Survivors of abuse often live a life plagued with scarcity. We were taught at a young age that we weren’t enough, there wasn’t enough and life would not provide enough for us in the future. When we suffer financial abuse or trafficking, things are often worse. We can believe we have a finite worth, we are a commodity, and we have already expended that worth. All these beliefs leave very little hope for an abundant future.

My relationship with money has been a struggle for my entire life. I always made enough to survive when I worked in the corporate world. As I have started working for myself, I have come face-to-face with my monetary dysfunction. The lack of stability, the self-doubt and the intense commitment required make it scary on the good days.

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Caregivers

10 Signs You Need a New Therapist

If you are in counseling now or consider seeking a therapist in the future, it is important to choose a counselor who is the right fit for you. I am always saddened to hear of an individual or couple giving up on counseling after one bad experience. Therapists are each unique in their specific approaches and you deserve one who is qualified to meet your needs.

Here are a few signs that you may need a new therapist.
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Bipolar

Destigmatizing Dependence in Therapy

When I wrote my first article years ago about the power of psychotherapy, I was stunned by the reaction. Seventy-five percent was positive, but a very vocal minority attacked me viciously for either not having cured the patient or promoting a pathological dependence. They reasoned that had the patient received proper therapy she would not have needed anyone to solve her problems.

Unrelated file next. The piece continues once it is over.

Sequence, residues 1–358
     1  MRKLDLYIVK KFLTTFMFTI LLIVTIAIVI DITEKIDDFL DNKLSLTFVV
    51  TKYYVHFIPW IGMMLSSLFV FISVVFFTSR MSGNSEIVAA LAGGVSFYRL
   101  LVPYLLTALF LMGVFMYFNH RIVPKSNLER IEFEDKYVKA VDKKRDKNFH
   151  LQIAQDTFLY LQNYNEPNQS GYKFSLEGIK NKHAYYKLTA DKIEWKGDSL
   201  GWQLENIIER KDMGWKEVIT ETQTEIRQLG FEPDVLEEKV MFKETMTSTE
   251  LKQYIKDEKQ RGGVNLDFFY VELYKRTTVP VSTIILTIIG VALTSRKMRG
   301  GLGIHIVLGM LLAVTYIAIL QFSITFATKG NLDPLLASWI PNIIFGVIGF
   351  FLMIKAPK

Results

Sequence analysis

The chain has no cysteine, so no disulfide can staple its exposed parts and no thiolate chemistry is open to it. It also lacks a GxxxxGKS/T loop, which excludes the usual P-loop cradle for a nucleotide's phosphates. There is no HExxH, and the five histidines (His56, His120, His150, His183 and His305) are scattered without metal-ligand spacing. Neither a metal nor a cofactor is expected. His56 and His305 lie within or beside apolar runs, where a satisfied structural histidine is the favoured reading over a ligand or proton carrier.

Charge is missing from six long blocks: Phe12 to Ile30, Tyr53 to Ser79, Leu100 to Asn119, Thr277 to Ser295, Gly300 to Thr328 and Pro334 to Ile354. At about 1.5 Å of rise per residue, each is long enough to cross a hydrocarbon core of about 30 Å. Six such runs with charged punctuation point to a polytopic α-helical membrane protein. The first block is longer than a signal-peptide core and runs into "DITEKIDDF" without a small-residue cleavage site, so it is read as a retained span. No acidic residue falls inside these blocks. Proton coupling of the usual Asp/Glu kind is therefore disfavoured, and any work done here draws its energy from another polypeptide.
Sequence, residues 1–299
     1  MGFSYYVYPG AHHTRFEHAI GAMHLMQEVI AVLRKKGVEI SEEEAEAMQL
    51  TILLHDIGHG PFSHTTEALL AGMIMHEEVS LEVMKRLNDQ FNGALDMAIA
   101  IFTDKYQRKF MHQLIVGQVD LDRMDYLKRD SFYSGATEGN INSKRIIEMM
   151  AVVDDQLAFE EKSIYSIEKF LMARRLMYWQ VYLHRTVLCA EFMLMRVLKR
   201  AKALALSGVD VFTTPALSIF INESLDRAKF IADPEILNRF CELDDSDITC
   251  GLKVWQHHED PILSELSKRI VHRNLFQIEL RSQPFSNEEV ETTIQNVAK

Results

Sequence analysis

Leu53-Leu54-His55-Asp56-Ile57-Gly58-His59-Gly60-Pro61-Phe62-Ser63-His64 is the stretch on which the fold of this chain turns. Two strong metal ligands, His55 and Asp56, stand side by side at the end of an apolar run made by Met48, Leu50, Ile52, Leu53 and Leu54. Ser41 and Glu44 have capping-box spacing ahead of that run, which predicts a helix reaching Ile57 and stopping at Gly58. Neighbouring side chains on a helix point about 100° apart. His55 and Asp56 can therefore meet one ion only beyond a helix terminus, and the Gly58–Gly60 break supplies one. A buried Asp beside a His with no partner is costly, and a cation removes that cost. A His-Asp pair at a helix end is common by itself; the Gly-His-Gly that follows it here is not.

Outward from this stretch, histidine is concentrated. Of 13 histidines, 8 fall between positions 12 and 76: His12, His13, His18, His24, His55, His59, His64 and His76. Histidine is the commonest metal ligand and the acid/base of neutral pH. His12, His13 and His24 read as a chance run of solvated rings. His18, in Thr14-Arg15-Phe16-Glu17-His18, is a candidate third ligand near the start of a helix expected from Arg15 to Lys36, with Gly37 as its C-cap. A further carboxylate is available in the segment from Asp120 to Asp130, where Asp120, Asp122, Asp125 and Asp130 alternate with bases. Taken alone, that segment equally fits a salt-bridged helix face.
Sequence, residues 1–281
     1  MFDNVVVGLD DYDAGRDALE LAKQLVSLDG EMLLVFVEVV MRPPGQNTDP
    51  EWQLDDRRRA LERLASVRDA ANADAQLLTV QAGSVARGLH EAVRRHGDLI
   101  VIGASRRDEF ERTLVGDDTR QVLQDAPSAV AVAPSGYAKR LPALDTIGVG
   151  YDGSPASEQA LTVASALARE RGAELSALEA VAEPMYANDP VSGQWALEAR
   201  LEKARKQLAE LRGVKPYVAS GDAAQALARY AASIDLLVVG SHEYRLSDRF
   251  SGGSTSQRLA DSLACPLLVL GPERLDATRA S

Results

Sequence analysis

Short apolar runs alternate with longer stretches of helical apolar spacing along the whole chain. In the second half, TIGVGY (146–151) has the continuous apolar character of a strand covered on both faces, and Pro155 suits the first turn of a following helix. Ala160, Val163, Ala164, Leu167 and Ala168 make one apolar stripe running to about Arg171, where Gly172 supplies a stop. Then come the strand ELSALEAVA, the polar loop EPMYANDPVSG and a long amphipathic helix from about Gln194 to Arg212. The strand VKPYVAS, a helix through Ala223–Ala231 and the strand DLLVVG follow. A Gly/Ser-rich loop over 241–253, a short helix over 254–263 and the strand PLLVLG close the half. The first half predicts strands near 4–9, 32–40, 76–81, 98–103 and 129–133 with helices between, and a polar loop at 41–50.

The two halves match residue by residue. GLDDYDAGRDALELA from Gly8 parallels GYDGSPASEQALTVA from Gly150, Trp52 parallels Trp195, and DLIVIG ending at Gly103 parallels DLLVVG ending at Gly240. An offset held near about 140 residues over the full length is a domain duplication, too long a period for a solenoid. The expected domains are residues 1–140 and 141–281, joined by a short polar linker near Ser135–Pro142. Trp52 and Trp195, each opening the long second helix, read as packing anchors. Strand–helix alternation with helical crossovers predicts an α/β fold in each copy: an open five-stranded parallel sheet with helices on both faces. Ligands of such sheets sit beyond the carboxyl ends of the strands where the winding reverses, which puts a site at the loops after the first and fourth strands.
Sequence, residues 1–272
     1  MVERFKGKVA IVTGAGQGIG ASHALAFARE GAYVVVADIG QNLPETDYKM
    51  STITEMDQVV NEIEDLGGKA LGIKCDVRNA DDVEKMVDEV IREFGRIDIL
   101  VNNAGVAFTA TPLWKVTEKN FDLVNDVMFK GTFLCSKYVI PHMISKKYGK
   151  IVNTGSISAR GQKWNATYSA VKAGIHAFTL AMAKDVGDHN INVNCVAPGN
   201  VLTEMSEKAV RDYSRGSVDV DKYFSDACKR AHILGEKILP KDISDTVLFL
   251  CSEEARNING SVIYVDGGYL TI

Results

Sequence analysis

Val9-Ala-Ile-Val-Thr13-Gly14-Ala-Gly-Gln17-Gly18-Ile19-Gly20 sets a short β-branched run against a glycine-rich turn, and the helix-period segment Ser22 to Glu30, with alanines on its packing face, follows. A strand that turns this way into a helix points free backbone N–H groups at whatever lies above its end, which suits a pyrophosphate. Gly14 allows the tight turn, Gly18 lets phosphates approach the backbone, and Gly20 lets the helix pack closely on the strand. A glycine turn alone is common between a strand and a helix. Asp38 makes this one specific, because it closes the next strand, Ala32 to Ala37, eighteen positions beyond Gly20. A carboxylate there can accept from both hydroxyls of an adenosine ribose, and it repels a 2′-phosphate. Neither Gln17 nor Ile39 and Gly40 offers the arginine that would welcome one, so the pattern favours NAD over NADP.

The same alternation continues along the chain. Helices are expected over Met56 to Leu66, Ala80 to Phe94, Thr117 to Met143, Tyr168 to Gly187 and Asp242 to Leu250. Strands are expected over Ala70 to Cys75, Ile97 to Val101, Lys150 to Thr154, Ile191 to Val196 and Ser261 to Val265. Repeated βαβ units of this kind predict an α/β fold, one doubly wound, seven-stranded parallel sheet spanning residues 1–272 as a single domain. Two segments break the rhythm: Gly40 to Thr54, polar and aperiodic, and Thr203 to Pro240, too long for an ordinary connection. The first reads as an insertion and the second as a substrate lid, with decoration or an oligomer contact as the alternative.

I was treating a woman for bipolar disorder with mood-stabilizing medication and monthly to bi-monthly psychotherapy. Her cognitive-behavioral psychotherapist referred her because she couldn’t get out of bed. She didn’t want to need medication.
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Caregivers

Why You Should Always Get a Second Opinion

When you are diagnosed with an illness, especially when you have a mental health condition, you should always get a second opinion. Or a third. Or a fourth. Get as many as you can. The more you get, the more expert evidence you can collect as to what the real issue is.

As a patient, it's important to be as informed as possible about your own condition. It’s your body and you have to live with it. You decide how to react to your situation. Educating yourself about diseases and treatments and understanding your symptoms will help you to make decisions on what to do because, ultimately, it’s up to you.

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Brain and Behavior

How to Avoid Being Hurt at Church